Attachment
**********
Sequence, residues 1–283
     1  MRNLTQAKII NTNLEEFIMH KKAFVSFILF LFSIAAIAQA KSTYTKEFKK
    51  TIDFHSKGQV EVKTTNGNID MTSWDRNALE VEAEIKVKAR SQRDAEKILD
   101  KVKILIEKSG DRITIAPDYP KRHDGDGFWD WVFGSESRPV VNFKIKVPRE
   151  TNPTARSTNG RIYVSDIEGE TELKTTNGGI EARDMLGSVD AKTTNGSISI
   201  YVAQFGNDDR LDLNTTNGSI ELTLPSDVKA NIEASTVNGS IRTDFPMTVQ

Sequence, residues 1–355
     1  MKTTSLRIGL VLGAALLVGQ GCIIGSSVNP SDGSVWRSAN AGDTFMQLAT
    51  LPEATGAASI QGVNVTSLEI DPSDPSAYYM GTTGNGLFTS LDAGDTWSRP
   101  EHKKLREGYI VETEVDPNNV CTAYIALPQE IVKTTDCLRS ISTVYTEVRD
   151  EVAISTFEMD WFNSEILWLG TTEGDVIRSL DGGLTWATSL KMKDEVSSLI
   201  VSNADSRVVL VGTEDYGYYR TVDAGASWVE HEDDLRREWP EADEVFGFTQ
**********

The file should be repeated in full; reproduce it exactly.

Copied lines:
Sequence, residues 1–283
     1  MRNLTQAKII NTNLEEFIMH KKAFVSFILF LFSIAAIAQA KSTYTKEFKK
    51  TIDFHSKGQV EVKTTNGNID MTSWDRNALE VEAEIKVKAR SQRDAEKILD
   101  KVKILIEKSG DRITIAPDYP KRHDGDGFWD WVFGSESRPV VNFKIKVPRE
   151  TNPTARSTNG RIYVSDIEGE TELKTTNGGI EARDMLGSVD AKTTNGSISI
   201  YVAQFGNDDR LDLNTTNGSI ELTLPSDVKA NIEASTVNGS IRTDFPMTVQ

Sequence, residues 1–355
     1  MKTTSLRIGL VLGAALLVGQ GCIIGSSVNP SDGSVWRSAN AGDTFMQLAT
    51  LPEATGAASI QGVNVTSLEI DPSDPSAYYM GTTGNGLFTS LDAGDTWSRP
   101  EHKKLREGYI VETEVDPNNV CTAYIALPQE IVKTTDCLRS ISTVYTEVRD
   151  EVAISTFEMD WFNSEILWLG TTEGDVIRSL DGGLTWATSL KMKDEVSSLI
   201  VSNADSRVVL VGTEDYGYYR TVDAGASWVE HEDDLRREWP EADEVFGFTQ